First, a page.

May 12, 2020
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Edward Jones & Co. is offering an interest-free cash advance to financial advisers struggling to generate fees and commissions from clients broke by the coronavirus economy.
The unusual offer is made to brokers whose earnings at the end of this month have fallen below 80% of their adjusted six-month average, Edward Jones spokesman Alex Reed said.
“We know the coming months could bring challenges for some of our financial advisors, due to the variable nature of their compensation,” he wrote in an email. “So we plan to provide support options, allowing them to continue to focus on what matters most, serving customers and caring for their families.”
The St. Louis-based firm announced the advance against production to brokers on April 27 as the hits to jobs and investment portfolios caused by the virus-crippled economy became apparent.
Reed wouldn’t comment on the number of brokers who should be eligible for cash advances, but said they will receive additional details and terms based on specific circumstances. Brokers may be responsible for paying so-called imputed interest that the Internal Revenue Service calculates to collect taxes on instruments such as zero-coupon bonds sold below face value, he said.
Edward Jones is the largest U.S. brokerage firm, measured by its approximately 19,000 brokers, but it works largely with single-advisor agents who sell mutual funds and other packaged products to middle-class investors. .
In a quarterly regulatory filing on Friday, the partnership that controls Edward Jones warned that its force of largely in-house trained brokers could be particularly hit by economic uncertainties emanating from the pandemic.
“A potential decline in asset-based fees and trading revenue resulting from market uncertainty in response to COVID-19 could reduce commissions, bonuses, travel benefits and branch profitability for financial advisors,” indicates the folder. “[T]The Partnership anticipates that these potentially negative impacts on financial advisor compensation and benefits could result in increased financial advisor attrition.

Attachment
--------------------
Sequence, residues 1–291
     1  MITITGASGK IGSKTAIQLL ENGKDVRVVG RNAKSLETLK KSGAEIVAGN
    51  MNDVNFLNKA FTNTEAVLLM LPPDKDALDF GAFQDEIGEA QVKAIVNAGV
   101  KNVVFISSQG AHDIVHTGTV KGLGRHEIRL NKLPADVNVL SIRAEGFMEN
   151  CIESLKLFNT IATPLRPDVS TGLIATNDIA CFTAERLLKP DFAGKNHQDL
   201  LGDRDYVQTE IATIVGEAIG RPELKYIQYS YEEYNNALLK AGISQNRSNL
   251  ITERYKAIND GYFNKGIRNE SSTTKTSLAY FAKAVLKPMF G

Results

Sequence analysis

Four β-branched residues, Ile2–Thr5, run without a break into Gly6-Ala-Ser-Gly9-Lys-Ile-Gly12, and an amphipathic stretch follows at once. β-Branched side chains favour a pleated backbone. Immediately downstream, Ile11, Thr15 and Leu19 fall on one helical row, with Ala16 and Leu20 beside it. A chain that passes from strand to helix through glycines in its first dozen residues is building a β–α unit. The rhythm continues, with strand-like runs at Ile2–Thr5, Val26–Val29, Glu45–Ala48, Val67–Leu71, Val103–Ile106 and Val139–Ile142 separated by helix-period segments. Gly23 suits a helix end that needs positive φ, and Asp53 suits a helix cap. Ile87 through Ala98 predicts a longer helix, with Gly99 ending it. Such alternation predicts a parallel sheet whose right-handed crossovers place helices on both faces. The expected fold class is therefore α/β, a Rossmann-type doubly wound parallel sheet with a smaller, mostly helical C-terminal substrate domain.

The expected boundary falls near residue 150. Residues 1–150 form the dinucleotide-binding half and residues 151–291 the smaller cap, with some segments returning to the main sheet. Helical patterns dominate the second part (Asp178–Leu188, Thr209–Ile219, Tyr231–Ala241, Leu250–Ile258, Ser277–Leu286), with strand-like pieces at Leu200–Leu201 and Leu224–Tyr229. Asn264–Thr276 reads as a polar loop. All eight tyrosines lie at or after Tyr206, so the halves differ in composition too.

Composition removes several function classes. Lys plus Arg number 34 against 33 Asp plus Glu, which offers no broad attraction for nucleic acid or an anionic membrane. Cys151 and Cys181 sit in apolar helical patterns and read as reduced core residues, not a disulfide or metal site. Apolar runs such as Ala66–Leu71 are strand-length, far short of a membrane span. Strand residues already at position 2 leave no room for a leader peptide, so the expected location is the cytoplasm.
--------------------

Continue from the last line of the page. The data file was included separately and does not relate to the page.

The “temporary financial relief” offered by Jones is intended to ameliorate declining advisor earnings “while potentially mitigating increased attrition rates,” filing 10-Q says.
Edward Jones in recent years has tried to expand its pool of recruits to experienced brokers of competing companies, but its main strategy remains the internal training of sales staff in cold-calling techniques, with a strong dependence on candidates who are starting a second career. Its attrition rate, which in the first quarter of this year fell to 7.6% of its brokerage strength from 9.6% the previous year, is higher than most of its competitors.
To retain interns, Edward Jones is combining incentives such as the novel coronavirus advance with deterrents such as requiring internally trained brokers who leave within three years to reimburse him $75,000 for the costs of its 17-week training program.
In another effort to improve loyalty, the company has resolutely sued outgoing brokers to solicit former customers. (He is not a signatory to the Broker Recruitment Protocol, which allows advisors to bring basic client contact information with them when they join another firm.)
Jones Financial Cos. warned in its 10-Q filing on Friday that its net income will likely decline as the year progresses due to lower fees and interest income due to the pandemic economy, while the new support package could increase its costs.
The firm telegraphed its concerns over profitability earlier this month, telling administrators who work alongside brokers at its more than 15,000 branches that it was freeze their wages and the suspension of overtime pay for a year as part of an extensive cost-cutting campaign.
Jones had 19,027 advisors in the United States and Canada as of March 27, up 6% from 17,894 at the end of the first quarter of 2019.
No other regional or national brokerage firm is known to have adopted company-wide advances for crisis-stricken advisers, although Morgan Stanley Wealth Management and UBS delayed higher grid thresholds that determine broker payout, Wells Fargo Advisors and RBC Wealth Management US changed payout penalty plans for small accounts and Merrill Lynch dropped plans to review the team’s payment qualifications midway through the year.
—Jed Horowitz contributed to this story.